Make Your Own Steelhead Yarn Balls
Chetco River - Brookings, OR (Curry County)
by Larry Ellis
Friday, December 21 marks the beginning of winter, and with a little bit of luck, the first big storm coinciding with the third week of winter usually ushers in the first large schools of winter steelhead.
Unfortunately, many south coast rivers like the Chetco River have been plagued with low-water conditions. Thankfully, the Chetco received enough rain on three separate occasions to allow the ground in the surrounding area to reach its saturation point.
By the middle of December, the river will rise to fishable levels faster and remain fishable over longer periods of time.
Last week, the Chetco dropped to 987 cfs. But, this coming week, the National Weather Service is predicting the river will raise to over 3,781 cfs on Monday, and it will probably keep rising after that.
When the river is between 2,000 and 3,500 cfs, and is on-the-drop, it’s time to start side-drifting from a boat or drift-fishing from the bank, and the perfect artificial lure is the impeccable, edible yarn ball.
Yarn balls, also known as yarnies, are round, spherical pieces of fluffy yarn, and can range in dimensions from dime- to quarter-sizes – even larger!
Yarnies are also easy on the pocket book. They can be bought in tackle shops for less than a dollar apiece, but a lot of people make them for themselves for pennies. Why not join them?
Now is the perfect time to tie up your own yarn balls, when the Chetco is between salmon and winter steelhead runs, a period that has been dreadfully called, ‘the dead zone’. In fact, yarnies are deadly-effective for winter steelhead. Many guides I know in Oregon and California tell me that if push came to shove, they could actually leave their roe at home and become Mr. Yarn Ball if they so desired.
To tie up these steelhead magnets, you will only need four items.
1. One 5-inch piece of one-half inch PEX tubing, which can be bought for a song in any hardware store. PEX is the tubing where you will be inserting five strands of your favorite-colored Glo Bug Yarn.
Tip – to get the most concentric and smooth cuts of your PEX, use a small PVC tube cutter. You probably have one of these items lying around the garage, but I bought a PVC cutter that has been dedicated solely to my yarn ball box.
2. A sharp pair of mustache scissors.
3. A roll of Miracle Thread.
4. Five strands of Glo Bug Yarn.
You can make yarnies in any color you desire. The color you use will largely depend on the color of the river. Dark reds work great in water that has a lot of color to it, while light pearl pink is perfect for water that is nearly gin clear.
Step 1. Lay out five strands of yarn. You can also try various color combinations or you can use four strands of yarn with a different color strand in the middle for that “eyed egg” appearance.
I like to use four strands of the cheese-colored yarn and place an orange strand in the middle. I’ve named this one “fried egg” because that’s exactly what it looks like, a yellow ball with an orange center.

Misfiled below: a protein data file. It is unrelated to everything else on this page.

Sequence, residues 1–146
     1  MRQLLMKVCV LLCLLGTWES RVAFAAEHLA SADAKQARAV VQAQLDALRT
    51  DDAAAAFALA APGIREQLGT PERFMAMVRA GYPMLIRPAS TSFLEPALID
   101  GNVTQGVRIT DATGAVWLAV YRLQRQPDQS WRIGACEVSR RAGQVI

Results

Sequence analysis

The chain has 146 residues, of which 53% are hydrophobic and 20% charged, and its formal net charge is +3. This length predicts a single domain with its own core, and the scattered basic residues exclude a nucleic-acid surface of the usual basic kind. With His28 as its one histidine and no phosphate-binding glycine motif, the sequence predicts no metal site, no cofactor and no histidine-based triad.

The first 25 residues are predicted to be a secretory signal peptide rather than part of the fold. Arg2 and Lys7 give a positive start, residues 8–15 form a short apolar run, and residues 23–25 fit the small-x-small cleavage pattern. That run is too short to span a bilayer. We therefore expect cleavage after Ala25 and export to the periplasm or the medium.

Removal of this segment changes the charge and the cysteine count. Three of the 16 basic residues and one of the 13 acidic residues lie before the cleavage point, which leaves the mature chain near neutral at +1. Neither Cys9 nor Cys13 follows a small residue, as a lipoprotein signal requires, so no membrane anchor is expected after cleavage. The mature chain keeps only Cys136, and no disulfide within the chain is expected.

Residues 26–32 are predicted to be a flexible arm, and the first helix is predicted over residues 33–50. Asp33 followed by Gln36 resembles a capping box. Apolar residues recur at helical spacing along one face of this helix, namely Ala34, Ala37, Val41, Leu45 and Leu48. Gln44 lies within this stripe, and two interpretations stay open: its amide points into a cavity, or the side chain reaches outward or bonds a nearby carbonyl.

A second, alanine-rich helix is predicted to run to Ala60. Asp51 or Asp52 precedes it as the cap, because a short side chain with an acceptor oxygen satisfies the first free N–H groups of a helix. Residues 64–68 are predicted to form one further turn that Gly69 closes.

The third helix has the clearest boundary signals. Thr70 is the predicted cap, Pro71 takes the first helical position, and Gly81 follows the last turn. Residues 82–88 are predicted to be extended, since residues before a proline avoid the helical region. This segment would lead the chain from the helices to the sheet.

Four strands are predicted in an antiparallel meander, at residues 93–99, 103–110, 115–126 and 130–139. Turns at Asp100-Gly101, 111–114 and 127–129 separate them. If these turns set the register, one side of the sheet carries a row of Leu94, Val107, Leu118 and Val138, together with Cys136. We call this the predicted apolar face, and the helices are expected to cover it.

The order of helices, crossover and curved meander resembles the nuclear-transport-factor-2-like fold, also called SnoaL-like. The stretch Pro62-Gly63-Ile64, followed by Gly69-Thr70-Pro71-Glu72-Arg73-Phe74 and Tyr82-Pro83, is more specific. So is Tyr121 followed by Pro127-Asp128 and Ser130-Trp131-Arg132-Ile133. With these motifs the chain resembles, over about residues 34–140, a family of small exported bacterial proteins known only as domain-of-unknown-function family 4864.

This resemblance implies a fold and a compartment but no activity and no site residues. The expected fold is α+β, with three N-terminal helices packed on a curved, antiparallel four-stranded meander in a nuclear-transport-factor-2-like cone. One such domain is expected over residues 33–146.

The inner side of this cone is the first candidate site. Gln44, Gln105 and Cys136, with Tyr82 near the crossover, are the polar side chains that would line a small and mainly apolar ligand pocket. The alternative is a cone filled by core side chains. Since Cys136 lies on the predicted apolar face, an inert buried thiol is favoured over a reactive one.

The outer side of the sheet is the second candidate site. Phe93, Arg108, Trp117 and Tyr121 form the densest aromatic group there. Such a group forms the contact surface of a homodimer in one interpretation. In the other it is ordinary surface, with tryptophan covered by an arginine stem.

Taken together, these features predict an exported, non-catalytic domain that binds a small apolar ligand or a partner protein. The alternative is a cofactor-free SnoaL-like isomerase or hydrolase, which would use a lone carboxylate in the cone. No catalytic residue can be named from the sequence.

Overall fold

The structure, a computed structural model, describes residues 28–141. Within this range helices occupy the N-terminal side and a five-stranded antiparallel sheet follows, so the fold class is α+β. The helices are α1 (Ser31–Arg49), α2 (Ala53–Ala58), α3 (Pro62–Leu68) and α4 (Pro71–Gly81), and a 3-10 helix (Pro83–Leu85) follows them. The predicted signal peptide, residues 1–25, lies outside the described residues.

Step 2. Using a doubled-over piece of 30-pound monofilament, insert the loop of the mono in one end of the PEX tubing so that it comes out the other side. Insert about 6 inches of your Glow Bug Yarn inside the loop and then pull all the strands together through the PEX tubing. Trim all the strands so they stick out of the PEX evenly.
Step 3. Using your hand, pull the yarn clusters out of the PEX so that they stick out approximately one-quarter inch.
Step 4. Using your Miracle Thread, throw 4 wraps around the entire ganglion of yarn strands, making sure that your wraps are as close to the PEX as possible.
Step 5. Pull the strands out of the PEX tubing another quarter inch and throw an additional 10 wraps around the strands. Pull the thread until it breaks.
Step 6. Using your mustache scissors, cut all the strands off as close to the PEX tubing as possible, making sure that both sides are of equal length.
Step 7. Double over the strands and pinch them between your thumb and middle finger. Trim the exposed sections into a half-moon shape.
Step 8. Now roll the piece of yarn around between the palms of your hands and your yarn ball will take on its spherical shape. If you’re fussy, like most steelheaders, you can now trim the yarn ball even more, and then fluff up the yarn ball by pulling on the individual strands.
That’s it! It only takes about a minute to make a round piece of steelhead candy.
When you’re side-drifting or drift-fishing a yarnie, make sure that your lead is bouncing the bottom every 10 seconds or so. It won’t take long before one of your yarn balls will find its way to the inside of a steelhead’s mouth.
Larry Ellis, author, writer, columnist and photographer has had a 50-year passion for fishing in California and Oregon's saltwater and freshwater venues. He is a well-known writer for Oregon, Washington and California Fishing and Hunting News, Northwest Sportsman, California Sportsman and Pacific Coast Sportfishing. He currently writes monthly for Salmon Trout Steelheader Magazine, and is the author of two books, "Plug Fishing for Salmon" and "Buoy 10, the World's Largest Salmon Run." Both books can be bought from Amato Publications (amatobooks.com), Amazon and eBay. Ellis particularly loves living in his hometown of Brookings, Oregon - The heart of salmon country and gateway to fishing paradise.
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